What to do with this activity?
Have fun with your toddler with the missing word game. Choose nursery rhymes or songs that they know very well. While you are doing something together, start reciting the rhyme but pretend you don't know what word comes next or put in a wrong word here and there. Have a laugh and encourage your little one to correct you or fill in the missing word.
Here's an example from Lewis Carroll's "Alice's Adventures in Wonderland". The Mad Hatter delivers a rather different silly version of "Twinkle, twinkle little star".
Twinkle, twinkle, little bat!
How I wonder what you're at!
Up above the world you fly,
Like a tea tray in the sky.
Have fun changing and mixing up words together.
Children’s ability to think and understand experiences develops by listening and speaking. As a child’s language becomes more complex so does their ability to understand more complex thoughts and ideas. The family is the child’s first source of language and learning and there are lots of everyday activities that occur in the home, which can help children’s language skills. Your child will get better at using words when they practice words and hear the sounds of words.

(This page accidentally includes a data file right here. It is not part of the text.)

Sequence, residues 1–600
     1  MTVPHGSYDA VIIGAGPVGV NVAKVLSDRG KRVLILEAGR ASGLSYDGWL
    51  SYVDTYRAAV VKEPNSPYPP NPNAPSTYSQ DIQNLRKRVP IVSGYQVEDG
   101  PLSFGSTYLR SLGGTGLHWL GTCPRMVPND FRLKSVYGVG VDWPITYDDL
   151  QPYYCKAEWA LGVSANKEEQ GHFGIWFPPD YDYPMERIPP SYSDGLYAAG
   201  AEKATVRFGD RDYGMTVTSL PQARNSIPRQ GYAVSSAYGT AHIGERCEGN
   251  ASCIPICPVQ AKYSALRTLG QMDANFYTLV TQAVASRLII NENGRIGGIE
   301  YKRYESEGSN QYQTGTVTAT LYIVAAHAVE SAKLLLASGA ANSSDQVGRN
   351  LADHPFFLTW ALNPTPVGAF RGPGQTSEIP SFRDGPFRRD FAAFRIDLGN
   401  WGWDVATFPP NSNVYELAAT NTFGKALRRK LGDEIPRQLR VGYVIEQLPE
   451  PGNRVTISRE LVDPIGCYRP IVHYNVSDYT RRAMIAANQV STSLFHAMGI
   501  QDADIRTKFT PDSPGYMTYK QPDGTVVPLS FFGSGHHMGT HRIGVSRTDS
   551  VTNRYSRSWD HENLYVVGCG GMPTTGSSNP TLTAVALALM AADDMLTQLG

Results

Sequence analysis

Just keep talking and listening. Normal routines provide lots of opportunities for conversation and for all the family to learn new things. If you are walking down a street, point out things you see and talk about them. Explain new words, show the colours or point out shapes. Ask your child what animals or buildings they like. There’s no end to what you can talk about together.
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